The role of Marie Antoinette, apparently badly misreported historically, is played with incredible humor and sensitivity by Melanie Simmons, whose timing and delivery verge on perfection. She portrays a woman of good heart, given to flightiness, perhaps to escape the horror she lives in.

This show belongs on theater-lovers “must-see” list, for the quality of the production, the sincerity of the acting, and enjoyment of the script.

The Revolutionists stars Melanie Simmons as a delightfully ditsy Marie Antoinette in (photo by Areon Mobasher)

The Revolutionists stars Melanie Simmons as a delightfully ditsy Marie Antoinette in (photo by Areon Mobasher)

SECOND OPINION: Sept. 29th Raleigh, NC CVNC review by Roy C. Dicks:; and Sept. 27th Chapel Hill, NC WUNC/91.5 FM interview with director Amy White and actresses Melanie Simmons and Liz Webb, conducted by Frank Stasio for “The State of Things”:; and Aug. 28th Raleigh, NC Triangle Arts and Entertainment preview by Susie Potter: (Note: To read Triangle Arts and Entertainment’s online version of the Sept. 30th Triangle Review review by Pamela Vesper, click

Raleigh Little Theatre presents THE REVOLUTIONISTS at 8 p.m. Oct. 4-6, 3 p.m. Oct. 7, 8 p.m. Oct. 11-13, and 3 p.m. Oct. 14 in RLT‘s Gaddy-Goodwin Teaching Theatre, 301 Pogue St., Raleigh, North Carolina 27607.

TICKETS: $25 ($21 students and seniors 62+), except all seats $15 on Sunday, Sept. 30th.

BOX OFFICE: 919-821-3111 or

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RLT‘S 2018-19 SEASON:

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NOTE 1: All shows are wheelchair accessible, and assistive-listening devices are available for all shows.

NOTE 2: At 11 p.m. on Saturday, October 6th, Eyes Up Here Comedy will present a special Eyes Up Here Comedy Show — Theme: Lost My Head: Standup & Stories, on the set of The Revolutionists, hosted by comic Erin Terry and featuring Brett Williams and Rose Higgins.

NOTE 3: Arts Access, Inc. of Raleigh will audio-describe The Revolutionists’ 3 p.m. Sunday, Oct. 7th, performance.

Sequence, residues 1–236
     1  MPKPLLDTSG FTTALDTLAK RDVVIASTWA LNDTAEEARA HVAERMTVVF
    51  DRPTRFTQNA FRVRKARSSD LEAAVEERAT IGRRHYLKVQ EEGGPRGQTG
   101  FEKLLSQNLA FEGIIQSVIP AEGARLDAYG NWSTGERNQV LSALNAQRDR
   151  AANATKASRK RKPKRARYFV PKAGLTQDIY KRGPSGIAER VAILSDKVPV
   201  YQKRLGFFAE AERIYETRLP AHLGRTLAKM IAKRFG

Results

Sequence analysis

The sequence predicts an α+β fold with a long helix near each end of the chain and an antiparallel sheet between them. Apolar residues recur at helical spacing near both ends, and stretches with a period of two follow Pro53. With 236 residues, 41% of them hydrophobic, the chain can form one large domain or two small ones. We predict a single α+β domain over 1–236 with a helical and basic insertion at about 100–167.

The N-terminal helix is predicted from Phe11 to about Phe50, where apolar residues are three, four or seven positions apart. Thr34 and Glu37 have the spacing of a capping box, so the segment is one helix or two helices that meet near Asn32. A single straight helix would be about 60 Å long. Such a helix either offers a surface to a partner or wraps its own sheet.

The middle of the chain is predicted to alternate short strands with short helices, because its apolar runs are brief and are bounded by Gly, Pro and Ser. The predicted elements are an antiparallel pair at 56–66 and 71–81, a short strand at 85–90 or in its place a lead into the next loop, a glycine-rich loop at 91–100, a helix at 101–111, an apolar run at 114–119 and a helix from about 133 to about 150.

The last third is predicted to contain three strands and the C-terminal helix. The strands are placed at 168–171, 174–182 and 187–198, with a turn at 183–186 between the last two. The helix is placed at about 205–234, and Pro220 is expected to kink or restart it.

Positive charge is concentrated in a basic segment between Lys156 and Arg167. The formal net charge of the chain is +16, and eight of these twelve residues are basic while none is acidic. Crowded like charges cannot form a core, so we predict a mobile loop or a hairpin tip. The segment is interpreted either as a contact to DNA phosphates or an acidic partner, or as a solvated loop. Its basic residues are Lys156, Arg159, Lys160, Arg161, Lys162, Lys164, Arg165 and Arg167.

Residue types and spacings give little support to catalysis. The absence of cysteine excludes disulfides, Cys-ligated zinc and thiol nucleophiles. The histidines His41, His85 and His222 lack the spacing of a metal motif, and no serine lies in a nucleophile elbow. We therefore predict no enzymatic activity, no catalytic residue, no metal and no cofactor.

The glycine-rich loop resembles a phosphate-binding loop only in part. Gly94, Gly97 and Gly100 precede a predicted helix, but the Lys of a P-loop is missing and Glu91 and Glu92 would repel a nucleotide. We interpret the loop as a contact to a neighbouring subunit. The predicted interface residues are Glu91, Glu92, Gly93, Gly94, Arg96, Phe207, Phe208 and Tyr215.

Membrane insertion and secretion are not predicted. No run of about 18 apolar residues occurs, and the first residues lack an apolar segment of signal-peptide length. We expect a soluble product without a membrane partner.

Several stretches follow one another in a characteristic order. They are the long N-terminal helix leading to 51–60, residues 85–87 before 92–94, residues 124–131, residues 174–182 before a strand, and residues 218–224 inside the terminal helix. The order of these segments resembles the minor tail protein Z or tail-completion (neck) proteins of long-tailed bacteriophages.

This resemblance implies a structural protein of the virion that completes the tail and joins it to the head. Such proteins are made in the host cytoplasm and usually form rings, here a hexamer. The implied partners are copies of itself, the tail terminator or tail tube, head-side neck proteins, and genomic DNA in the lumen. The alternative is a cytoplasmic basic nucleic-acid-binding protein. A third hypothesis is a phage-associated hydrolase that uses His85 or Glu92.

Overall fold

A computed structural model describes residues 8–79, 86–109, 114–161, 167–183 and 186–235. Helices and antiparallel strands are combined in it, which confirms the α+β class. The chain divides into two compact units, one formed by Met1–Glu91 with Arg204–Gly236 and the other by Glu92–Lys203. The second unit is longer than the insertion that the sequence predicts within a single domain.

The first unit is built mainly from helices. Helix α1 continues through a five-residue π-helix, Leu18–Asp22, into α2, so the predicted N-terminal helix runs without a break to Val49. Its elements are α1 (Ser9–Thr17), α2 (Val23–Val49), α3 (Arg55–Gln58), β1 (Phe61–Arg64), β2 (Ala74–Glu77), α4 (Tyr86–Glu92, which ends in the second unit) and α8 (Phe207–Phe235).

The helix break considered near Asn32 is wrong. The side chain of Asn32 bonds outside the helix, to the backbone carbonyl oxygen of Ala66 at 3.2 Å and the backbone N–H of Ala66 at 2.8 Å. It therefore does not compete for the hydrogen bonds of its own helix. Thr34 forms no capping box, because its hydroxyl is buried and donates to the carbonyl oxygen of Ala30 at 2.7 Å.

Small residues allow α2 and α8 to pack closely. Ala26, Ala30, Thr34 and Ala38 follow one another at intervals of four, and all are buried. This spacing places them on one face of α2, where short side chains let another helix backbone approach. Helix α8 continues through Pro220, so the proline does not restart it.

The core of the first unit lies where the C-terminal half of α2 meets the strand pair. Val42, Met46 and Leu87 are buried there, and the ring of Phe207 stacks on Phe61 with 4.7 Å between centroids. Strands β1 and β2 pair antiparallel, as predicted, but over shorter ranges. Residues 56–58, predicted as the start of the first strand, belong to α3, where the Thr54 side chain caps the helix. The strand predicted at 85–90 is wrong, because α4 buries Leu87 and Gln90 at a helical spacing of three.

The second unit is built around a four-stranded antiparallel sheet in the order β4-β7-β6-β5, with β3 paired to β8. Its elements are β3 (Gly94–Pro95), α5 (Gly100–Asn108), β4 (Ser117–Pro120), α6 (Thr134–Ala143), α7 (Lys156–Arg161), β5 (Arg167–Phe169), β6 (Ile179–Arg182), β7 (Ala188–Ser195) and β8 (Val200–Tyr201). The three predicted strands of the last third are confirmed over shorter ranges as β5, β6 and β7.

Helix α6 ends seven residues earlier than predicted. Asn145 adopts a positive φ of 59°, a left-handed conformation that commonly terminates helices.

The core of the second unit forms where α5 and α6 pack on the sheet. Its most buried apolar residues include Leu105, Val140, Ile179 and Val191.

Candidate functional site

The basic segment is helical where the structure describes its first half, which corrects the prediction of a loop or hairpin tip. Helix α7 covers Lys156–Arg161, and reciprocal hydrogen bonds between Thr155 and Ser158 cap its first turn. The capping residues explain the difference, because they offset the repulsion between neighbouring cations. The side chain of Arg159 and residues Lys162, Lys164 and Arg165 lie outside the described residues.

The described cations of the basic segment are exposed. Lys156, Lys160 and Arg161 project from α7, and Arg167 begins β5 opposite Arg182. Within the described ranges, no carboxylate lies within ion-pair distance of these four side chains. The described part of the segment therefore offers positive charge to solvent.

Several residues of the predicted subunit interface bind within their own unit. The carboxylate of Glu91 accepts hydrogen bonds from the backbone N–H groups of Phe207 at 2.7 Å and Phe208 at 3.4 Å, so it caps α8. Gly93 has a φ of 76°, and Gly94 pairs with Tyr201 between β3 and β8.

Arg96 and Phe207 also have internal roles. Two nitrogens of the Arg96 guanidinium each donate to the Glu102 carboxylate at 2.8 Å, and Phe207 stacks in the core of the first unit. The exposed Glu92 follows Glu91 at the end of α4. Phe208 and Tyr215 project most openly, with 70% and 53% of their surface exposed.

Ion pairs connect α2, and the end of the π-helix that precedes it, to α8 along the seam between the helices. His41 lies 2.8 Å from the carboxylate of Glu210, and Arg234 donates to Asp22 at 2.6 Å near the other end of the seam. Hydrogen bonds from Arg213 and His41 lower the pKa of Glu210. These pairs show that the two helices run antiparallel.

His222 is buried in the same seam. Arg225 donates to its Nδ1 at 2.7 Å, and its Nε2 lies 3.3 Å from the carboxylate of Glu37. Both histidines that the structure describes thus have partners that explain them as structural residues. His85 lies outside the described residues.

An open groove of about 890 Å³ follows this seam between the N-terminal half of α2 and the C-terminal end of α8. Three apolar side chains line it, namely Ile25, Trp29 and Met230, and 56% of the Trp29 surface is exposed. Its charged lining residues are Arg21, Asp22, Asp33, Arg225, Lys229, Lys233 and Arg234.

The Revolutionists: A Comedy, A Quartet, A Revolutionary Dream Fugue, A True Story (2016 Cincinnati Playhouse in the Park comedy): (Dramatists Play Service, Inc.), (New Play Exchange).

The Script: (Dramatists Play Service, Inc.).

Lauren Gunderson (San Francisco, CA playwright and screenwriter): (official website), (Facebook page), (Twitter page), and (Wikipedia).

Amy White (Raleigh, NC director and assistant professor of Theatre and Musical Theatre at William Peace University): (WPU bio) and (Facebook page).


Martha Keravuori is a life-long theater artist — an actress, director, and stage manager — in North Carolina, around the country, and overseas. She has a theater degree from UNC-Greensboro, and has been active in the arts in Raleigh for the past 40 years. Martha is the retired executive director of the North Carolina Theatre Conference. Chuck Galle returned to Raleigh last year after a 17-year absence. He was active in community theater for many years, and directed the troupe of maximum-security inmates at Raleigh’s Central Prison known as the Central Prison Players. In New England, he performed on stage, on TV, and in films. He is the author of Stories I Never Told My Daughter — An Odyssey, which can be ordered on Chuck Galle and Martha Keravuori previously reviewed theater for Boom! Magazine of Cary. Click here to read more of their reviews for Triangle Review and Triangle Arts and Entertainment.

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Categorised in: A&E Theatre Reviews, Lead Story, Reviews